When doctors told Art Buchwald that his kidneys were kaput, the renowned humorist declined dialysis and checked into a Washington, D.C., hospice to live out his final days. Months later, “The Man Who Wouldn’t Die” was still there, feeling good, holding court in a nonstop “salon” for his family and dozens of famous friends, and confronting things you usually don’t talk about before you die; he even jokes about them.
Here Buchwald shares not only his remarkable experience–as dozens of old pals from Ethel Kennedy to John Glenn to the Queen of Swaziland join the party–but also his whole wonderful life: his first love, an early brush with death in a foxhole on Eniwetok Atoll, his fourteen champagne years in Paris, fame as a columnist syndicated in hundreds of newspapers, and his incarnation as hospice superstar. Buchwald also shares his sorrows: coping with an absent mother, childhood in a foster home, and separation from his wife, Ann.
He plans his funeral (with a priest, a rabbi, and Billy Graham, to cover all the bases) and strategizes how to land a big obituary in The New York Times (“Make sure no head of state or Nobel Prize winner dies on the same day”). He describes how he and a few of his famous friends finagled cut-rate burial plots on Martha’s Vineyard and how he acquired a Picasso drawing without really trying.
What we have here is a national treasure, the complete Buchwald, uncertain of where the next days or weeks may take him but unfazed by the inevitable, living life to the fullest, with frankness, dignity, and humor.
“[Art Buchwald] has given his friends, their families, and his audiences so many laughs and so much joy through the years that that alone would be an enduring legacy. But Art has never been just about the quick laugh. His humor is a road map to essential truths and insights that might otherwise have eluded us.”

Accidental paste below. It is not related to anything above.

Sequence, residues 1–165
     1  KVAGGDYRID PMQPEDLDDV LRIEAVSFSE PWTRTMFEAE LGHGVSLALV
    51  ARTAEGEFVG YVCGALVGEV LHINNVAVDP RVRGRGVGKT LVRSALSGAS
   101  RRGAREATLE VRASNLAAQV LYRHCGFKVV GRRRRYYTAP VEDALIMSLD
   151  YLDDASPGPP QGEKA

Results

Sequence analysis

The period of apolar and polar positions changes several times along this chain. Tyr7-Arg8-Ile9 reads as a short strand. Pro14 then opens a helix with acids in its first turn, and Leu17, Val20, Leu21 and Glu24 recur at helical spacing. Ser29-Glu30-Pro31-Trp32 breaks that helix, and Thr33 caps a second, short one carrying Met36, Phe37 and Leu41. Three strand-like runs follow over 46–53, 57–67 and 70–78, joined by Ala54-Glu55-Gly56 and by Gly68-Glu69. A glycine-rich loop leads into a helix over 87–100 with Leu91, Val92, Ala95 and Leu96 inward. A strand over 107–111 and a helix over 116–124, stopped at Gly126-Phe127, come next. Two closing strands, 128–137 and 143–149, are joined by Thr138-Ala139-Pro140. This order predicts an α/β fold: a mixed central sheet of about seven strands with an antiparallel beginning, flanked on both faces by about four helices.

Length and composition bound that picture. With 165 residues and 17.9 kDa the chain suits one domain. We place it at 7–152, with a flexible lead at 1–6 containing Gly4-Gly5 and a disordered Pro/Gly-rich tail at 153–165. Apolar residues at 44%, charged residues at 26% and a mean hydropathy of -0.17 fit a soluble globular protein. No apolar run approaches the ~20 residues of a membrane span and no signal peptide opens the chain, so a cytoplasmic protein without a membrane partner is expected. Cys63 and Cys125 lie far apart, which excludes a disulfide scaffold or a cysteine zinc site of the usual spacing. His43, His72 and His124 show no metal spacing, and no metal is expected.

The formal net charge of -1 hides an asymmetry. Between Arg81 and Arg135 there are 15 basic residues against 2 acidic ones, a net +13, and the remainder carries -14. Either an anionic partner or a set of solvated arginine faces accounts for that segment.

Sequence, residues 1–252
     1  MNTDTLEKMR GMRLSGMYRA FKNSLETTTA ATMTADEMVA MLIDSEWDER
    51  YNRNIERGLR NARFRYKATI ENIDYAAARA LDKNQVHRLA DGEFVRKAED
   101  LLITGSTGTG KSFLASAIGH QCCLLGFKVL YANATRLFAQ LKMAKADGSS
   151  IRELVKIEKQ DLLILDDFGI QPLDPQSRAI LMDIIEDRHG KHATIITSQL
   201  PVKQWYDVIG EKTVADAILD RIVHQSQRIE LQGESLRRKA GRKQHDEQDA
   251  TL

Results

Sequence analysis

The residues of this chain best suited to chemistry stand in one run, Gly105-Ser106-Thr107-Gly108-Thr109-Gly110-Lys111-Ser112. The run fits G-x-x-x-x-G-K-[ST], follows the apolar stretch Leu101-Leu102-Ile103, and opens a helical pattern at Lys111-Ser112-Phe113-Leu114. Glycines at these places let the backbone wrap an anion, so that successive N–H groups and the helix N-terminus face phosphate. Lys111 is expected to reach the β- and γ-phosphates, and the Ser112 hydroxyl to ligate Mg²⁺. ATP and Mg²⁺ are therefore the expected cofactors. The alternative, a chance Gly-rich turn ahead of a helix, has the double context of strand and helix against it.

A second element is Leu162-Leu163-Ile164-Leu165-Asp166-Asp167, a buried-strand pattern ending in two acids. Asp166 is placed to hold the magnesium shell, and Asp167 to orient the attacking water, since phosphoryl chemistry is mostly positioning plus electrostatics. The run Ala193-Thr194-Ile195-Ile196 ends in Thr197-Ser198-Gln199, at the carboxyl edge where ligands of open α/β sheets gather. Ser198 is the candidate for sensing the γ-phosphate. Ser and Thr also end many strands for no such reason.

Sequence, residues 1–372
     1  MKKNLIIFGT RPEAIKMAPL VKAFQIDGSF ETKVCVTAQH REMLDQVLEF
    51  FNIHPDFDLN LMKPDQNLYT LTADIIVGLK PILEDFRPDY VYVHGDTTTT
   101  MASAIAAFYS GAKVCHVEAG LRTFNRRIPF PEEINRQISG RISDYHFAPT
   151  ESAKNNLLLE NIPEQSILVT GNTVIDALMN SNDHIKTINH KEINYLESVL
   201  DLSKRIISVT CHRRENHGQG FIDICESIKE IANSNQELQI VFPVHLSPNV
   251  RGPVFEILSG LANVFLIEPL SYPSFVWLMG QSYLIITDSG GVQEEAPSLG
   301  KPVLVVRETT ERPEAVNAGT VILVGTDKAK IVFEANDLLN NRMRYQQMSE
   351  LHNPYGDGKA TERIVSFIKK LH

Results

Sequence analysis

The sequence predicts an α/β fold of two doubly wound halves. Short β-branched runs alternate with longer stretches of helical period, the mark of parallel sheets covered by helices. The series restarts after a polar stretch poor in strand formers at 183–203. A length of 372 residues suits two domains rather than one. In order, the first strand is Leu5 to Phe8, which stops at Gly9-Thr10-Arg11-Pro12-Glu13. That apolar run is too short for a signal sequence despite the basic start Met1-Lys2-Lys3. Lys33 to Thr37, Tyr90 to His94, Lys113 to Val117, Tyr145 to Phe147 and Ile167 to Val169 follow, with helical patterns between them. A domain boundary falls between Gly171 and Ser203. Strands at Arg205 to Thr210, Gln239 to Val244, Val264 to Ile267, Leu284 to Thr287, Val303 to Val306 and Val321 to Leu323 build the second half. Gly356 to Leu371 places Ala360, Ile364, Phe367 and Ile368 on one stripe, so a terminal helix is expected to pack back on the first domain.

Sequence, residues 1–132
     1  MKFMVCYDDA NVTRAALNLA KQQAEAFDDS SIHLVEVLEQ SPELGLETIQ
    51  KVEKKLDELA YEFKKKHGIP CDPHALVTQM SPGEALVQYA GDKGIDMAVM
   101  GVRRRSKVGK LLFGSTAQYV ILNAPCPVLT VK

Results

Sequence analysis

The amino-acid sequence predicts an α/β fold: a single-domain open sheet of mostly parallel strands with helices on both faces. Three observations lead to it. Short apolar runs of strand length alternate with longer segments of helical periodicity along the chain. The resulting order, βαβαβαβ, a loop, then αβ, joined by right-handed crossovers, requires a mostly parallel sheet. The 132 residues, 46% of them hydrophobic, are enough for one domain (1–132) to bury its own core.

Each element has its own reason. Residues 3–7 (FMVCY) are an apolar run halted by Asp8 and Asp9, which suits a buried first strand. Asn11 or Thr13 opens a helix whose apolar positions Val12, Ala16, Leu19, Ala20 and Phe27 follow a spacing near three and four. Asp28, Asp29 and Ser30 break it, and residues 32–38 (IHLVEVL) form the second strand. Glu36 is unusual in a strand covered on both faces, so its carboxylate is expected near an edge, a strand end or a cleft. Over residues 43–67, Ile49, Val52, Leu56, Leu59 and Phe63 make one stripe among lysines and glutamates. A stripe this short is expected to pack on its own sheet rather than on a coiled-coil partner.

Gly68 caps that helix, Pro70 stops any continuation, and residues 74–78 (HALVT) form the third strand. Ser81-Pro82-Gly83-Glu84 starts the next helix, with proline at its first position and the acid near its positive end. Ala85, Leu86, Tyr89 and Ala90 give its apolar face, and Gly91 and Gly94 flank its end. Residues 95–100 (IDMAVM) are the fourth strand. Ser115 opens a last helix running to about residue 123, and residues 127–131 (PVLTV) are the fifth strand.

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Art Buchwald was born in Mount Vernon, New York, and raised in Hollis, Queens. After serving as a marine in the Pacific during World War II and attending the University of Southern California, Buchwald left the United States for Paris. There, he landed a job with Variety magazine and began writing his now-legendary columns, syndicated for decades in hundreds of newspapers. He received the Pulitzer Prize for outstanding commentary in 1982 and was elected to the American Academy of Arts and Letters in 1986. He was the author of thirty-three books, including the New York Times bestseller Leaving Home, a collection of political commentary, Beating Around the Bush, and a memoir, Too Soon to Say Goodbye. Buchwald died in the Winter of 2006.From Publishers Weekly:
Starred Review. "Being in the hospice didn't work out exactly as I had planned it," begins Buchwald in what may or may not be his final book. In February 2006, Buchwald was told he would need ongoing dialysis, which he promptly decided to discontinue, moving into a Washington hospice to die on his own terms. What was intended to be a three-week exit for the Pulitzer Prize-winning author turned into months of visitors, rumination and writing. The result is this hilarious, sobering and unconventional study of the issues that accompany the end of life, such as living wills and surrogates, funerals, food and even sex. As he has throughout his career, Buchwald pares down overwhelming topics into manageable steps, gently and with humor, noting that, for instance "the beauty of not dying but expecting to, is that it gives you a chance to say goodbye to everybody," and it's these goodbyes that provide Buchwald with the framework to revisit his storied career-spanning two continents, populated by global luminaries and celebrated with multiple awards. Though entertaining as a talented satirist's retrospective, it's also a valuable primer on how to meet death with bravery and grace, reminding us that "the big question we still have to ask is not where we're going, but what we were doing here in the first place."
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